Roman Invasion of India
|Date: 1500 - 1520|
|Outcome: Roman annexation of most of Northern India; Formation of the Indian Empire; Indo-Greek alliance formed|
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King Narasimha Raya II of Vijayanagara
2800 Indian Infantry 120 Land Vehicles 200 Water Vehicles
3000 Roman Infantry 50 Land Vehicles 480 Water Vehicles
approx. 1850 Indian Infantry, 77 Land Vehicles, 113 water vehicles
approx. 2350 Roman Infantry 43 Land Vehicles 400 Water Vehicles
The Roman-Indian war was a conflict between the Roman Empire and Indian states, lasting from 1500 to 1520. Northern India, being separated into many states at the time, at first gave little meaningful resistance until the Vijayanagaran Empire under Mahapradhana and Senadhipati Tuluva Narasa Nayaka (Prime Minister and Commander-in-Chief) of South India stepped in, uniting the remaining kingdoms and preventing Rome from conquering all of India. As a result of the Roman-Indian war, the rest of India not taken by the Empire was formally united under the Vijayanagaran crown, creating the Indian Empire, with Vijayanagaran King Narasimha Raya II being crowned the first Indian Samrata (emperor).
Precursors and War justificationsEdit
India had been a major trade partner of Rome since 1432 AD, but in 1497 AD, a presidential candidate who openly supported Greece was elected into presidency. In 1500 AD, Constantine XII declared war on India, wishing to exert Imperial power over the resource-rich area.
Battle of LehEdit
The first battle of the Roman-Indian war, the Roman Empire stormed over the Roman-Indian border, eventually reaching the city of Leh, attacking the Leh military base and executing an Indian general.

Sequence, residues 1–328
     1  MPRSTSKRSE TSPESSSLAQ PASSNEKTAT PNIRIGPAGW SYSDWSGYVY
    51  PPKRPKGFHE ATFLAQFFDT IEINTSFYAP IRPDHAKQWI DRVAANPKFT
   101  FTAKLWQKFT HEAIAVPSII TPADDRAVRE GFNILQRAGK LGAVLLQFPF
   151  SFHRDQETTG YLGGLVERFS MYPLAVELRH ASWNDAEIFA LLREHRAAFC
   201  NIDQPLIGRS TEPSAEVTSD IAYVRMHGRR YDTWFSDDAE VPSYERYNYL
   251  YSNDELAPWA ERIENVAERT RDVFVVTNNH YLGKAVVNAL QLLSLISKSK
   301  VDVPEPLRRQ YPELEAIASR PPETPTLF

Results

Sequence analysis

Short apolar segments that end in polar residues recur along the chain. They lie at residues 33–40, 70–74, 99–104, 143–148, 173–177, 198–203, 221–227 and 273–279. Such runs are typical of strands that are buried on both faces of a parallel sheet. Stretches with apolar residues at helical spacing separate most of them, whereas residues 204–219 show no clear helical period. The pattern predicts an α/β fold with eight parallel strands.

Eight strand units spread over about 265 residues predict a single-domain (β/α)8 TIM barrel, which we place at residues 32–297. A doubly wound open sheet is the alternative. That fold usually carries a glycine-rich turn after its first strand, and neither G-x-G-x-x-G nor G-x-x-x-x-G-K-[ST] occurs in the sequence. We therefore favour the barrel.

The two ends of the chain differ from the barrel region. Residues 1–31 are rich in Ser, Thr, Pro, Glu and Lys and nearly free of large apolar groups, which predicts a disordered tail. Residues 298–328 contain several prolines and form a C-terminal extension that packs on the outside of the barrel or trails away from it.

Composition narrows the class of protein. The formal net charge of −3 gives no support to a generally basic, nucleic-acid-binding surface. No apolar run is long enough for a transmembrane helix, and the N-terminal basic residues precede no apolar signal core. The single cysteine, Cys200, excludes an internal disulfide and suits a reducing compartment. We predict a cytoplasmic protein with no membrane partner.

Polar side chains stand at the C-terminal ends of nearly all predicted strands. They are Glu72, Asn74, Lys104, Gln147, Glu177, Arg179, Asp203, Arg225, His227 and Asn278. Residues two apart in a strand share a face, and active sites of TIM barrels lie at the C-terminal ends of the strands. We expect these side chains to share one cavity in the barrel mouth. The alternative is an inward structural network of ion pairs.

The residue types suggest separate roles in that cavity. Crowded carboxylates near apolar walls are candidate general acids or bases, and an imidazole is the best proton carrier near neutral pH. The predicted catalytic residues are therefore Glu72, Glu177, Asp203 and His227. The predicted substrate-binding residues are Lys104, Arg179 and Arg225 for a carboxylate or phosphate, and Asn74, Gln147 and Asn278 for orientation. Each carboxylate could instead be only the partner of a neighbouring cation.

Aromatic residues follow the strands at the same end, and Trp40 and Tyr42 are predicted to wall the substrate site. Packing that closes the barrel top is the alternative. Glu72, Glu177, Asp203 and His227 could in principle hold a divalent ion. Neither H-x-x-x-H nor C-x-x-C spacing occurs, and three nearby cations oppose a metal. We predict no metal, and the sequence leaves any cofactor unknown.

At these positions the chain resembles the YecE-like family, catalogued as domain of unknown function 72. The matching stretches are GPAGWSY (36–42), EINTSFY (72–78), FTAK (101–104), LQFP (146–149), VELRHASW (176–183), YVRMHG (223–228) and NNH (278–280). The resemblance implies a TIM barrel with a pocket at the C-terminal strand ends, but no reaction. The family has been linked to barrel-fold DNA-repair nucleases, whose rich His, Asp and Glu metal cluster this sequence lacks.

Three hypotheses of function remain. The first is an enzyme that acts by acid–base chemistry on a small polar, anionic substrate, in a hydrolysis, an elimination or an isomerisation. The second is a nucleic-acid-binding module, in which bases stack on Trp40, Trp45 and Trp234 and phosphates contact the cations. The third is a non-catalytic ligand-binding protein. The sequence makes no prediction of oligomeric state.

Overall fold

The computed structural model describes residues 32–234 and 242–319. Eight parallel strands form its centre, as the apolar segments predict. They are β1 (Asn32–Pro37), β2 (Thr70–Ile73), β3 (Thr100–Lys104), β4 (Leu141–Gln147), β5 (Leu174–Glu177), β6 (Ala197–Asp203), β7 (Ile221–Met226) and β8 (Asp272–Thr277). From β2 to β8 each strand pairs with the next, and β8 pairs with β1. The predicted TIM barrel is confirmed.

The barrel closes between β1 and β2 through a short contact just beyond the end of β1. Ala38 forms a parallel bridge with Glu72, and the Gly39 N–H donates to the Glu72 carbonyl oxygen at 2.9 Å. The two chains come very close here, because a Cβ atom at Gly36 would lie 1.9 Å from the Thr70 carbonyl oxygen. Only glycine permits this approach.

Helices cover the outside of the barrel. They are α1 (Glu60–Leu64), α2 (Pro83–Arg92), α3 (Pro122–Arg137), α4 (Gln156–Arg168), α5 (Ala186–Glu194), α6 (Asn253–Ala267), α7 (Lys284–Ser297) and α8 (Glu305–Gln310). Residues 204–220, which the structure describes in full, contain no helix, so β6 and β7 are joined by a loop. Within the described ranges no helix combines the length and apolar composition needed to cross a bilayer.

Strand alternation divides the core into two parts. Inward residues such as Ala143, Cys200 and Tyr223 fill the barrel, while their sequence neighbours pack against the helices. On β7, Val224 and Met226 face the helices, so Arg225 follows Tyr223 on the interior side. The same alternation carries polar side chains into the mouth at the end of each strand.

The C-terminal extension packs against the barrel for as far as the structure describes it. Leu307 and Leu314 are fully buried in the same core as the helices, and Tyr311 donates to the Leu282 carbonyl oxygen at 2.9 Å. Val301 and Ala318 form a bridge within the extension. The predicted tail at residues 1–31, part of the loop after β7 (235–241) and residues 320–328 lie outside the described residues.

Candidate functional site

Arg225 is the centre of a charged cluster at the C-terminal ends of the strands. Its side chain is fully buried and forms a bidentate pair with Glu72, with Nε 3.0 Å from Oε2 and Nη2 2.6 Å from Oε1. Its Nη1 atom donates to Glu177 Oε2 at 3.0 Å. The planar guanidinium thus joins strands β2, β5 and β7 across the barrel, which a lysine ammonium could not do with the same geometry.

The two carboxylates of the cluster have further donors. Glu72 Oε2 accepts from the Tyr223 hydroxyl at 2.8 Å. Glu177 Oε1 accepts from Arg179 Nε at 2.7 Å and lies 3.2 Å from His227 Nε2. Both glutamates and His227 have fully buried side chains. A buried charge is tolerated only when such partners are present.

Battle of KulluEdit
Shocked by the Leh attack, India mobilized it's military to defend Kullu, which Rome was marching towards. The outgunned Indian troops were easily rolled over by the much better supplied Roman soldiers.
Battle of DelhiEdit
The last major victory of Rome in the war, Delhi was besieged by the Romans, leading to major casualties on both sides.
Battle of ConstantinopleEdit
While not technically part of the Roman-Indian war, the Battle of Constantinople, a Greek attack on the Roman capital of Constantinople, is thought to have been one of the major reasons Rome failed to resume it's advance into southern India before Indian troops became well-supplied by Greece.
Battle of Goa VelhaEdit
Roman Troops pushed towards Goa Velha, only to find the Indians supplied with New Greek weaponry and armoured vehicles. The Roman Imperial Navy had vastly underestimated the Indian Navy as well, leading to the Romans being defeated on Both land and sea.
Many Roman-run businesses had been burned to the ground by enraged citizens of India as a result of the war, all Roman-Indian trade relations were shut down. In addition, in their attempt to stop India from helping Greece, the Romans had caused India to become Greece's most supportive ally (later to be replaced by The Confederation of the Nunavummiuts).